When history and memory collide : contextualising gendered representations of the partition of India in women's writings
Lim, Denise Zhi Qing
Date of Issue2017-03-25
School of Humanities and Social Sciences
2017 marks the 70th anniversary of the Partition of India. 70 years on, “Partition” has become byword for widespread communal violence in India. This is especially pertinent, as Hindu nationalism is on the rise with the prominence of the ruling Bharatiya Janata Party (BJP), increasing frequency of communal violence, and the passing of the last Partition survivors. Yet, there is no official acknowledgement of the enormous scale of violence that happened during Partition, and official narratives neglect women’s experiences of violence during Partition. Identifying the urgency of understanding Partition violence in such context, this dissertation looks at how Partition has been remembered in literature. It is contended that, when read alongside context of large-scale communal violence, a shift in literary representation of Partition in 1980s is reflected. This shift can be attributed to the widespread communal violence, and significant gendered violence committed against women in the ‘80s and ‘90s that renewed fears of a repeat of Partition-like violence. This impelled literary authors and historians alike to make the experiences of Partition violence center in their examination of Partition violence.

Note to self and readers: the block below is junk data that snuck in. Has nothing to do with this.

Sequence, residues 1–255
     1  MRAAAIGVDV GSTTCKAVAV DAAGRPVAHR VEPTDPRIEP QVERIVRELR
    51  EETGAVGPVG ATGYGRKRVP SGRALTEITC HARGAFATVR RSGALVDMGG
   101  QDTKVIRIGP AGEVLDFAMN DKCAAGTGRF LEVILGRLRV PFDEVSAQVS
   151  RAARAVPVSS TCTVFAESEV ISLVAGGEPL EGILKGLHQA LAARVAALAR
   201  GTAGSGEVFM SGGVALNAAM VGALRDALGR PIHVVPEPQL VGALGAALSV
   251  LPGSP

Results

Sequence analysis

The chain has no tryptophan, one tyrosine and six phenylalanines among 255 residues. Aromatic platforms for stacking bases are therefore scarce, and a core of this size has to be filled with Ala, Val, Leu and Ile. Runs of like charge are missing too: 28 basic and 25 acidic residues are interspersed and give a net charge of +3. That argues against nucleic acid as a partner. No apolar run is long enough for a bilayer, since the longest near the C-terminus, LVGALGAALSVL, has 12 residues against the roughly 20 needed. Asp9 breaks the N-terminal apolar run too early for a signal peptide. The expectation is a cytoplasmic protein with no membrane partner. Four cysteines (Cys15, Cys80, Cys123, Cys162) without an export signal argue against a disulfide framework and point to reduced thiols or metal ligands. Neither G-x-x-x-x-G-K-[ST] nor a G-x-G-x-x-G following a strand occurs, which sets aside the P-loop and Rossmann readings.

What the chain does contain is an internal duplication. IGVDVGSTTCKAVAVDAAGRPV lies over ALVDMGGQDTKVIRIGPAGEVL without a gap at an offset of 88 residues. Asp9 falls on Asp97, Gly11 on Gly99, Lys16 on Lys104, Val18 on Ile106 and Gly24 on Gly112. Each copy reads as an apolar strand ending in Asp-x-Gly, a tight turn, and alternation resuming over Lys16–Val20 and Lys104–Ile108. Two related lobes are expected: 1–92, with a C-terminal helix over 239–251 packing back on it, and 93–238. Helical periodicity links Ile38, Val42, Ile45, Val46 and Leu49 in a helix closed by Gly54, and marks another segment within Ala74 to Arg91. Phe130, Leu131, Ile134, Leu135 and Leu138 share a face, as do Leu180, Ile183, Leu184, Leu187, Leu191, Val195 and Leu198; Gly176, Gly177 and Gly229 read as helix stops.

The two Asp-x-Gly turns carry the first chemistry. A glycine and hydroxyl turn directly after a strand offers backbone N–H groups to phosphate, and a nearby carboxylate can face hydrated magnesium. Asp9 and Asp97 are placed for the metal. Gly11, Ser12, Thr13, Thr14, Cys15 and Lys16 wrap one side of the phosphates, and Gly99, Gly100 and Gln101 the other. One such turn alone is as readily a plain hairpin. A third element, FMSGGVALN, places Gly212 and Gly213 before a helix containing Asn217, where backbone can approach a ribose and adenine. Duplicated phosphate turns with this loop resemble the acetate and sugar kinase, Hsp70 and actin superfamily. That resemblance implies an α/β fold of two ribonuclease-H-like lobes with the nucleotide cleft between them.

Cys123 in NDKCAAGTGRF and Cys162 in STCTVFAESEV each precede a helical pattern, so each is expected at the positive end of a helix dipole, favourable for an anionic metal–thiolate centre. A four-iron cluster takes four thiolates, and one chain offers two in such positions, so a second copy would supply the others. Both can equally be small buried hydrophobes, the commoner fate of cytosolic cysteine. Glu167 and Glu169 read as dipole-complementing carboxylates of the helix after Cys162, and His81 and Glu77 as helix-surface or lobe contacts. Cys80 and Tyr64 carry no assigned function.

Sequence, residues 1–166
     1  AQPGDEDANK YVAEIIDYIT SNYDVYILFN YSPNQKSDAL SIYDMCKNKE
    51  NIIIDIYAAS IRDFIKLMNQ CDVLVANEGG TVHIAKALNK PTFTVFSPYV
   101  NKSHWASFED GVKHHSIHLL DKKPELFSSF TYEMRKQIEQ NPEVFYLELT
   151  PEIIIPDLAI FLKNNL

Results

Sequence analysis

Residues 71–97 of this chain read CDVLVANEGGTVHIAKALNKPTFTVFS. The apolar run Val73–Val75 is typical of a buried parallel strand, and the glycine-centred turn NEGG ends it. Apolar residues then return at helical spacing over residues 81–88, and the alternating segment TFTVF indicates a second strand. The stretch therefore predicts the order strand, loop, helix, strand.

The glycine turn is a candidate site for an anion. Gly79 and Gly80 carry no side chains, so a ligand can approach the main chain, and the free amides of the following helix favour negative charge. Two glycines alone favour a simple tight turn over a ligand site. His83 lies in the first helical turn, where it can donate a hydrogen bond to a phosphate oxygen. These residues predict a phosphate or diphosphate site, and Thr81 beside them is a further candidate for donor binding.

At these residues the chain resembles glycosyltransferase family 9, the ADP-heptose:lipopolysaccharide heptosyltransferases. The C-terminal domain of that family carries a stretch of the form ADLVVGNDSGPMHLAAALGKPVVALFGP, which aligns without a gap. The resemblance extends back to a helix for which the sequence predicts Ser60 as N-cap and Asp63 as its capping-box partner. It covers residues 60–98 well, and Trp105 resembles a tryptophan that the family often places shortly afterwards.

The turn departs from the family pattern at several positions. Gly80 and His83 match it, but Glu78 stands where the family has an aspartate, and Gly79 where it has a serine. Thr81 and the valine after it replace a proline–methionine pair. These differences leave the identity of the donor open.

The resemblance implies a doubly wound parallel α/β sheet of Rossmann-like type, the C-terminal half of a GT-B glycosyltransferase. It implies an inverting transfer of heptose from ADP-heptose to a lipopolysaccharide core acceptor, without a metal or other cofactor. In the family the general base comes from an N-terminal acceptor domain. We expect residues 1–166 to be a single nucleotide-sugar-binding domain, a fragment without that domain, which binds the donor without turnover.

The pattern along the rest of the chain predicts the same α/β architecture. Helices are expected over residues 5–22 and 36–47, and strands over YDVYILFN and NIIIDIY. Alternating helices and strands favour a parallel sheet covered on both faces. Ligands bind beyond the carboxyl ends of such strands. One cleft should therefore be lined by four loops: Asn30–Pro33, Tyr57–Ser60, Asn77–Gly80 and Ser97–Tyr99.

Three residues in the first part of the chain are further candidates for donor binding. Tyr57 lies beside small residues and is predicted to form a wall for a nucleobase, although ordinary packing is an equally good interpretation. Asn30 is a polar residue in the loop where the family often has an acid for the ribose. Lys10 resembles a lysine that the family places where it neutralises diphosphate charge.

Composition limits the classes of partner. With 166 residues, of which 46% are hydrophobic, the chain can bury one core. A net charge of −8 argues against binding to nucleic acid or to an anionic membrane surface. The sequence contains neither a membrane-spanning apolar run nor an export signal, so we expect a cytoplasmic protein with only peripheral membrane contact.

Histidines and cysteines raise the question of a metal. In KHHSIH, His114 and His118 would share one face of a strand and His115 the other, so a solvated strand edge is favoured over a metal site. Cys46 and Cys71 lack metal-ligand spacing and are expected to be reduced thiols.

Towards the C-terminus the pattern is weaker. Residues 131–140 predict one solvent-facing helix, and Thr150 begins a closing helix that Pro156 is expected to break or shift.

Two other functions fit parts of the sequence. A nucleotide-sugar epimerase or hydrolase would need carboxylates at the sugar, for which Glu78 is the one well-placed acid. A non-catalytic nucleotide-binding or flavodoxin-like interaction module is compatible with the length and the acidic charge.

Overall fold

Final Year Project (FYP)
Nanyang Technological University